A short story
Light from the full moon glared across rolling meadows causing acres of icy jewels to serenade my eyes as I walked swiftly from the forest shadows toward my target, a set of three persimmon trees growing along an old barbwire fence line. The day had been warm for late October, but with lowing sun had come a chill which quickly condensed air into dew and by a few hours after nightfall, the dew transformed into a layer of shivering frost across the world of farmland and low East Tennessee hills I called home. As the hour approached midnight, I shoved my hands deeper in my coat pockets as meadow grasses crunched beneath my boots; I made a beeline for the tallest fruit tree. I carried no weapon save a small folding knife in my pants pocket and an old tater sack tucked beneath my heavy coat; I intended to take my quarry live. Little did I realize that the next 18 hours would test me religion and my tolerance for my fellow man.
My quest began that same afternoon when my grandmother stated that she would like to have a possum for supper and not for one moment in my mind’s eye did I see her and a guest critter sitting at the eating table enjoying a meal of beans and taters. Nope, I knew that the guest critter would be sizzling in the frying pan before he ever saw granny’s checkered table cloth. Granny was the only person I have ever known who admitted a liking for possum. Not that possums aren’t good to eat; they are just plain too ugly to want to eat. They are nocturnal marsupials having a layer of short fur and wiry bristles like a hog wears and for some reason they look half naked all the time. In fact, their tails are mostly hairless and are prehensile; they can wrap it around a limb and swing in the breeze like an autumn leaf.
Possums are endowed with a permanent grin; their mouths curve slightly upward at the back and a row of needle-sharp teeth are always showing on each side. Fortunately, the critters are not very aggressive and the grin is mostly a ruse just like their ability to “play dead” when they feel threatened. Possums also make various sounds, mostly hissing, growling, snorting, and grunting when they are agitated and, on my midnight quest, I expected to hear plenty of everything they could say. I was going possum huntin’ for granny’s supper and by doing her this favor, I was proving to myself that I was not absolutely worthless.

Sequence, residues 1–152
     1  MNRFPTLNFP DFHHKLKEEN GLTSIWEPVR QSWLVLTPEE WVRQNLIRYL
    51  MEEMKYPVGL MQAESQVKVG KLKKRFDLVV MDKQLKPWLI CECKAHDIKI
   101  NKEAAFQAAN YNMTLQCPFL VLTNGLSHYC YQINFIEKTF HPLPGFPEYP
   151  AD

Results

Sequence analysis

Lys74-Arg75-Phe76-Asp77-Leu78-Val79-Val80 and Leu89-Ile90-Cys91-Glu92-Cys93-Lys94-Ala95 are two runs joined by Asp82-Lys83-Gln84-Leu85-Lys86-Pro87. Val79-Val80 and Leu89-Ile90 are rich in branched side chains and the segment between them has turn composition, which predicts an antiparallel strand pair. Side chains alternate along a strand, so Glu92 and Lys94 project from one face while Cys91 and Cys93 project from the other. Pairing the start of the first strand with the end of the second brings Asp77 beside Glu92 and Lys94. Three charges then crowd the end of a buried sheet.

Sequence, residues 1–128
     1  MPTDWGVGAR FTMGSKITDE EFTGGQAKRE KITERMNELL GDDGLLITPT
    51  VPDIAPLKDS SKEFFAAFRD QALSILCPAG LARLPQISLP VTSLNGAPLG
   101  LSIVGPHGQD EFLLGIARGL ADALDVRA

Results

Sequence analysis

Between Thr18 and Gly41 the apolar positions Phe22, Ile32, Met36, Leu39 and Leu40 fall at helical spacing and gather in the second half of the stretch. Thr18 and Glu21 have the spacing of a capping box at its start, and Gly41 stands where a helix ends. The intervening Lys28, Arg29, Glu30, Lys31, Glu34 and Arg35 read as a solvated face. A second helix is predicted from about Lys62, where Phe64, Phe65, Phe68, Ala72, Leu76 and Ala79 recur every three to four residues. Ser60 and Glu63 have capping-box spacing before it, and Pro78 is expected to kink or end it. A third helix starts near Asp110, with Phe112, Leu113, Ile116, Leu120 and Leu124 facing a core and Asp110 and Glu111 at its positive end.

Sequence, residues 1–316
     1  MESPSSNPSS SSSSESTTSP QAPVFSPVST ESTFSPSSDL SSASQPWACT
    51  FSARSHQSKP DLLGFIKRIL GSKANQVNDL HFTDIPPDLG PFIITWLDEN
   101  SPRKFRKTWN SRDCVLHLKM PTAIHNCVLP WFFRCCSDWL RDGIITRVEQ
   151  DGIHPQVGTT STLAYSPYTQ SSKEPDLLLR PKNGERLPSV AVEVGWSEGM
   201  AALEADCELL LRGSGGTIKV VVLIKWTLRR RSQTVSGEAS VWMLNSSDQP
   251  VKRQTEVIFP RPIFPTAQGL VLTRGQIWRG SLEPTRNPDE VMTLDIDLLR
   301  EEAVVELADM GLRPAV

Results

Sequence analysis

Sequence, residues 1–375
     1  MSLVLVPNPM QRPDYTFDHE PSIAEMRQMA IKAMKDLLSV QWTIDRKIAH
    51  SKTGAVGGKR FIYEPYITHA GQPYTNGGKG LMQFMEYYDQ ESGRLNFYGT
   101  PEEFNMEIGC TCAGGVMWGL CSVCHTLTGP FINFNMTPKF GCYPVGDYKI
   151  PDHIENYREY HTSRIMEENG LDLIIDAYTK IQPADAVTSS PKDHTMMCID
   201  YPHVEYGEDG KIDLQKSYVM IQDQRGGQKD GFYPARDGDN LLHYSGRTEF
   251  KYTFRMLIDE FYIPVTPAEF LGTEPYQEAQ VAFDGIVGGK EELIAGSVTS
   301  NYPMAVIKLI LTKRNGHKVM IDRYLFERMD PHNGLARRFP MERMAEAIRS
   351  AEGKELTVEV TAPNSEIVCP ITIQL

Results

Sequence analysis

Now possum hunting isn't supposed to be a big challenge and I reckon that is the reason you don't see many of the stuffed critter's glassy-eyed stares in your local taxidermist's display window along with deer heads, bears, and that bald eagle Billy-Bob "accidentally" shot. My plan was to first find a possum up a tree enjoying a midnight snack of 'simmons, climb up, and grab him by the tail and sack him. That was my plan.
Eventually I crossed the wide pasture and came to the smallest fruit tree and without using my flashlight, could see that no possums were dining in it. I moved up the vine-tangled fence row until I came to the next tree which was by far the largest. Most of the leaves had fallen from the berry-laden branches and the ground was thick with fallen 'simmons, one of which landed beside me as soon as I got there. I ate a few of them; they are delicious and when perfectly ripened, can easily be made into jelly, preserves, and pudding. Probably make a good side dish for granny's fried critter.
Persimmon trees are not very large even when full grown with a trunk that can easily be climbed especially when a lower limb is reachable from the ground. I flicked on the flashlight and sure enough, two sets of possum eyes were peering down at me as the critters munched on the wild delicacies. I lit a cigarette and carefully looked them both over, electing to go after the one nearest the ground, he being closest to the tree trunk and only 10 feet above my head. I removed my coat so as to make climbing easier, then stuck the tater sack inside my shirt. Lighting the cigarette was probably not my best move as both possums became a bit agitated when the match flamed; one gave a menacing hiss. I waited a few chilly moments and they settled down as I finished my smoke.